Based on the 1992 film of the same name, the new musical -- featuring a book by Glenn Slater and Janus Cercone and a score by Slater and Alan Menken -- is set in a small Kansas town suffering from drought. Soon, Jonas (Esparza) blows into town and sets up a revival tent with his choir and milks the poverty-stricken Kansas folks with fake miracles.
However, his growing love for Marva (Brooke Shields, whose vocal prowess pales beyond the rest of the cast), a waitress and single mother, and her afflicted son (Nicholas Barasch) gives him an attack of conscience. Adding to his troubles is the town's moralistic Sheriff (Jarrod Emick), who wants Jonas, his manager sister (the fine Kendra Kassebaum), and their entire troupe run out of town.
As one might surmise from the plot description, a serious sense of deja vu lingers over the show, which brings to mind such other similarly-themed works as Elmer Gantry, The Rainmaker, and, most notably The Music Man. (One keeps wondering when Esparza will start selling the kids band instruments and break into "76 Trombones.") Moreover, the story actually falls apart in the end, with nonsense forgiveness wiping away felonies, betrayals, and other sins. The last scene practically kills the show with its predictability and pumped-up sentimentality.
Director Rob Ashford succeeds best in the show's tent scenes, when the choir has the chance to dazzle the audience through song, dance, and stunts. His staging of the book scenes is somewhat less compelling, and the conceit of the townspeople expressing their desperation through an Agnes DeMille-style ballet sticks out like a sore thumb instead of adding pathos.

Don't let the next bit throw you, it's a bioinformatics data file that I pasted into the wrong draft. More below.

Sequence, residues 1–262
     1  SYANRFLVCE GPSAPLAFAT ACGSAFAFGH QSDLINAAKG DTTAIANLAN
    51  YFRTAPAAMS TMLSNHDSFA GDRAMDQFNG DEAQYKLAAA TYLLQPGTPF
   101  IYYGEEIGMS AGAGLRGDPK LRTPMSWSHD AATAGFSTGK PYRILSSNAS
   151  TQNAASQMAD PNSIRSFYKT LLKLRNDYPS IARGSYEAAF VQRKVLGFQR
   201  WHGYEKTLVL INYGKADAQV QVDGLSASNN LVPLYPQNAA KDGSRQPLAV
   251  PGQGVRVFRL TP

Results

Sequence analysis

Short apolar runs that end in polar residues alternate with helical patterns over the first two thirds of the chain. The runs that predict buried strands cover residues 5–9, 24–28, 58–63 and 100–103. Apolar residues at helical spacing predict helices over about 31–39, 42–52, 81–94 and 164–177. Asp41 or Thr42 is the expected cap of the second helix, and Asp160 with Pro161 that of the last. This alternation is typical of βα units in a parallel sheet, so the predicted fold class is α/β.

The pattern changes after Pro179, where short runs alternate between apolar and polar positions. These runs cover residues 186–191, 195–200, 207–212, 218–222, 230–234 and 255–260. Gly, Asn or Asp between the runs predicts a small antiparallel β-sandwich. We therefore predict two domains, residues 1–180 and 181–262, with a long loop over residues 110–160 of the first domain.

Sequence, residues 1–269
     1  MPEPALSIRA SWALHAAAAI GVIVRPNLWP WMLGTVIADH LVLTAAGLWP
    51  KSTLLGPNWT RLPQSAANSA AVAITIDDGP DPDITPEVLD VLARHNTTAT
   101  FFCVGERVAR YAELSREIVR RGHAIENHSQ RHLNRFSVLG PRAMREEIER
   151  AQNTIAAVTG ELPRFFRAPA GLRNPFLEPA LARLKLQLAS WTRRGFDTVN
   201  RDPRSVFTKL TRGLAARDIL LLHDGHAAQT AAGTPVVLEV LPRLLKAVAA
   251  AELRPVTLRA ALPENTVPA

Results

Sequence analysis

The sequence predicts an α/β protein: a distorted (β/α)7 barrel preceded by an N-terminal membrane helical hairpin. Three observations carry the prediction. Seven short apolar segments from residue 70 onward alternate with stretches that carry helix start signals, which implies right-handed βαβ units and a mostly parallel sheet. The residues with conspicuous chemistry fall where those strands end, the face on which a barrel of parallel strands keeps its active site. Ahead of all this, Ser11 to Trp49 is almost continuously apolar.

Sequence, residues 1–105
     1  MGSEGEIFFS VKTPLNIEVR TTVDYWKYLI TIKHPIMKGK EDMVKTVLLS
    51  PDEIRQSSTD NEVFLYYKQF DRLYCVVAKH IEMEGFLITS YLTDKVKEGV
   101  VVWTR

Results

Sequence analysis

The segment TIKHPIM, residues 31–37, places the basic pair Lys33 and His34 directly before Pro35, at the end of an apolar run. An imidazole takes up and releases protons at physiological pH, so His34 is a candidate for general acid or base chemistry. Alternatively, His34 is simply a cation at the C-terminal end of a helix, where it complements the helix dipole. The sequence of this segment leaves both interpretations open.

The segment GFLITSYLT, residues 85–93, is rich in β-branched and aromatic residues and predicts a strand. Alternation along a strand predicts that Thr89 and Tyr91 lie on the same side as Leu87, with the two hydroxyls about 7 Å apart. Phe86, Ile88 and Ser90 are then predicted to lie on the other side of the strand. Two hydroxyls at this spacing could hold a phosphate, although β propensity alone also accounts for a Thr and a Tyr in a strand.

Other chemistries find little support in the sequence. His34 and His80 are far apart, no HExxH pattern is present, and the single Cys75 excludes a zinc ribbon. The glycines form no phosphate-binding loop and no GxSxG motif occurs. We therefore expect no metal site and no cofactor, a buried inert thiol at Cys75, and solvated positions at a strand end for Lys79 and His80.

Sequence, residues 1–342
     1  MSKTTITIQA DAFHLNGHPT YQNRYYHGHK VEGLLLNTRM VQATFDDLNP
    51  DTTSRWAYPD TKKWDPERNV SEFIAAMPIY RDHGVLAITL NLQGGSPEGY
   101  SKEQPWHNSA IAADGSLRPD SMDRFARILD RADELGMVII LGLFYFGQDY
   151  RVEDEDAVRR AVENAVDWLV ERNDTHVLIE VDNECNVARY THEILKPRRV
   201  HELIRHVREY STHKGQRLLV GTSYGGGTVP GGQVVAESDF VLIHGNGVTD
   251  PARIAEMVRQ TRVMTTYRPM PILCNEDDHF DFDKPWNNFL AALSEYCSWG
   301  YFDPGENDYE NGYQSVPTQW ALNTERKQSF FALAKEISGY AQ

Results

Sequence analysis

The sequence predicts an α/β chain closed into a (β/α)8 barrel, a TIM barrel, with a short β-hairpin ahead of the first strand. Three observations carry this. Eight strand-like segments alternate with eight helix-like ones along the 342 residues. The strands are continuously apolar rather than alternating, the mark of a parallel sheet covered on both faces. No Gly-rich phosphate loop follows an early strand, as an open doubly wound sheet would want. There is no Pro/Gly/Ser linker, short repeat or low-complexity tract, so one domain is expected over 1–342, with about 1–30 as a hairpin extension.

Outside of Esparza, the score is the show's strongest asset. Menken knows how to stir up the audience with spiritual music. The gospel songs make you want to leap to your feet and clap out loud, particularly "Step Into the Light," "Rise Up," and "If Your Faith is Strong Enough." The one song outside the tent that captures the same depth is "Are You On The Bus?" a rousing argument between the cast questioning each other's commitments.
Ashford also gets more-than-able assistance from lighting designer Donald Holder, who uses hot dry colors to visually convey the rainless town, and costume designer William Ivey Long, who has constructed glittering gospel gowns for the choir, as well as an appropriately gaudy jacket spangled in mirrors for Esparza that turns the theater into a light show whenever he wears it. It's not quite enough, however, to blind audiences from the show's many flaws.
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